Briefly, the present system is similar to the prior array of contiguous photodiodes to sense a reconstructed serial binary code and also employs a shift register having a stage corresponding to each of the photodiodes for storing the information sensed by the photodiodes of the array. In both the prior art readout system and the readout system of the present invention, the information stored in the shift register is shifted out at some clock rate for further use. However, in accordance with the principles of the present invention, an additional sync bit occupies the first bit position of the serial binary code, which is read out from the shift register. Further, the system of the present invention includes a counter which receives no counting input prior to the detection of a sync bit being read out from the shift register. While a read out sync bit is being detected, the counter receives a counting input at one-half the rate at which the shift register is being read out. Then, after the end of the detection of the read out sync bit, the counter receives a counting input at the same rate as the shift register is being read out. The count registered by the counter is useful as a measure of the time of occurrence of the respective centers of each successive serial bit of the binary code which follows the sync bit. An output from the counter may be used to open a normally-closed gate which samples each successive serial bit following the sync bit read out from the shift register at its center and forwards each sample to appropriate utilization means.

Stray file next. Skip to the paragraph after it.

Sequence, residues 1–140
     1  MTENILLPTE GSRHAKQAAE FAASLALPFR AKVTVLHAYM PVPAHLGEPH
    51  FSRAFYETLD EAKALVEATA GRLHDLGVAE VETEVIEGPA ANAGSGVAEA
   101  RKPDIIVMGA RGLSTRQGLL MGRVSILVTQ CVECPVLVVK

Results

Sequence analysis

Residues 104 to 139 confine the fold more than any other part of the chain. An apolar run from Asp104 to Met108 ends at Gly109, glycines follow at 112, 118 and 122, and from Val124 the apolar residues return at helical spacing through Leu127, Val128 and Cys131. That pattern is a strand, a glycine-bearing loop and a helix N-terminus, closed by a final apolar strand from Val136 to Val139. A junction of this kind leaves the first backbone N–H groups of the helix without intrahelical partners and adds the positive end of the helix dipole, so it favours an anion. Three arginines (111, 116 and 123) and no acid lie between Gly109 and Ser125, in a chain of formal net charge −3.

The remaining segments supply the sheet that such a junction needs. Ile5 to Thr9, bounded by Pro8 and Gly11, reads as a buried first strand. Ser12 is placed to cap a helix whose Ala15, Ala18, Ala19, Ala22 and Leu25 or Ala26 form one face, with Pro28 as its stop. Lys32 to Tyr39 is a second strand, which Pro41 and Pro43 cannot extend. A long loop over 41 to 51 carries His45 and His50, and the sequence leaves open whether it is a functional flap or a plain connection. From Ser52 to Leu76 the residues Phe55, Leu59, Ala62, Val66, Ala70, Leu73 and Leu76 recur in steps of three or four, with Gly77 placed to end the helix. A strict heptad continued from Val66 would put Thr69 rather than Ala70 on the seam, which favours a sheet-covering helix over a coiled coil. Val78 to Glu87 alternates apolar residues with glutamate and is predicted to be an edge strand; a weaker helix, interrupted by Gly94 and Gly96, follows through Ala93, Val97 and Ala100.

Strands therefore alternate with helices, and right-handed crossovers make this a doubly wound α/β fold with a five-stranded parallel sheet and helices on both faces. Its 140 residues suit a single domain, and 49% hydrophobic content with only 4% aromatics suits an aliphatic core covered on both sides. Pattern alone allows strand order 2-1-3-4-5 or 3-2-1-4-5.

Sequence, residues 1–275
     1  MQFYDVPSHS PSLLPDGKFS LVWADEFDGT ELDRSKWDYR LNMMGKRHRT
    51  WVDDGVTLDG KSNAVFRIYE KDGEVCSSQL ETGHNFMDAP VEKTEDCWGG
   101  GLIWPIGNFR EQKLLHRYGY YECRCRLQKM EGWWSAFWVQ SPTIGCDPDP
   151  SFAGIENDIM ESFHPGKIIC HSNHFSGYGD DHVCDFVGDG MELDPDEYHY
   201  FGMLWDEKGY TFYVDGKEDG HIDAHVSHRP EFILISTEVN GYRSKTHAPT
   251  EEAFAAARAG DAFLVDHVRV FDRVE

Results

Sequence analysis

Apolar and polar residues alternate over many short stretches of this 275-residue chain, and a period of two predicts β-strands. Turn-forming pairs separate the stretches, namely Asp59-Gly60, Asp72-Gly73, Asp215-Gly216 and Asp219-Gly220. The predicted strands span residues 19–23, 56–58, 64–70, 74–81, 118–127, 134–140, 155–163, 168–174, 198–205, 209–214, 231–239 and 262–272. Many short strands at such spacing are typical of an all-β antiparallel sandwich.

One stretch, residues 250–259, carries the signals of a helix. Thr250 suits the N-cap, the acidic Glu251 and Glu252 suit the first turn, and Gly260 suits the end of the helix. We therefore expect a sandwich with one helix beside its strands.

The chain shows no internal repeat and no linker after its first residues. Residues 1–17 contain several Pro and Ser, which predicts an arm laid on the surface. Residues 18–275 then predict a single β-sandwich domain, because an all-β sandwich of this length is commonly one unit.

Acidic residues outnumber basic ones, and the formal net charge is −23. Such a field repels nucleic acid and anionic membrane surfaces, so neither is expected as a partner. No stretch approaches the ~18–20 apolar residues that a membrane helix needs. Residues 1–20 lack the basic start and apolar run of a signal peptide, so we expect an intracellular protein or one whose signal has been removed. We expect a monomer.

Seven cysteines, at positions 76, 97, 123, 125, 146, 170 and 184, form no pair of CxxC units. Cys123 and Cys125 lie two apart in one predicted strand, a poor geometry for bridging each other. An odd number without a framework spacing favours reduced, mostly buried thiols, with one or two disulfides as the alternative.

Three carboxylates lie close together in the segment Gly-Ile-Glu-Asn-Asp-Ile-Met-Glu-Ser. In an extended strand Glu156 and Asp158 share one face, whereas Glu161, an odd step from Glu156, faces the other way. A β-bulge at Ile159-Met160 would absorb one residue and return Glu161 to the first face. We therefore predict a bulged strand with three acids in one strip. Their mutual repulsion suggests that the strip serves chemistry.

These and other features and advantages of the present invention will become more apparent from the following detailed description taken together with the accompanying drawing in which:
FIG. 1 is a schematic illustration of an arrangement for reading out an embossed Fraunhofer hologram;
FIG. 2 is a somewhat more detailed showing of the photodiode array of FIG. 1;
FIG. 3 is a typical example of a serial binary code employed by the present invention;
FIG. 4 is a diagram showing the relationship between the first two binary-coded-bit manifesting radiation beams and the photodiode elements of the array on which they are incident;
FIG. 5 illustrates an embodiment of the present invention which is incorporated in the digital processing and utilization means of FIG. 1, and
FIG. 6 is a timing diagram of the counting input of FIG. 5.
Referring to FIG. 1, an embossed-plastic Fraunhofer hologram of a serial binary code 100 may be read out, in a manner known in the art, illuminating illuminatin hologram 100 with a plane-wave coherent readout light beam 102. This results in a plane-wave first diffraction order information beam 104 being derived. Information beam 104 illuminates image lens 106, having a focal length f. In response to the illumination thereof by information beam 104, image lens 106 reconstructs an image of the serial binary code manifested by Fraunhofer hologram 100 in the back focal plane of lens 106. More specifically, image lens 106 transforms plane-wave information beam 106 into focused information light 108, which is imaged into a group of spatially-distributed beams of light, in accordance with the aforesaid serial binary code, which spatially-distributed beams are incident on photodiode array 110 situated substantially in the back focal plane of lens 108. Photodiode array 110 may comprise a linear array of a given number n, such as 128, contiguous photodiodes, as shown in FIG. 2.
The respective photodiodes of photodiode array 110 sense the presence or absence of incident light thereon. As shown in FIG. 1, an output signal corresponding to the state of the light sensed by each respective photodiode of array 110 is coupled as an input to digital processing and utilization means 112.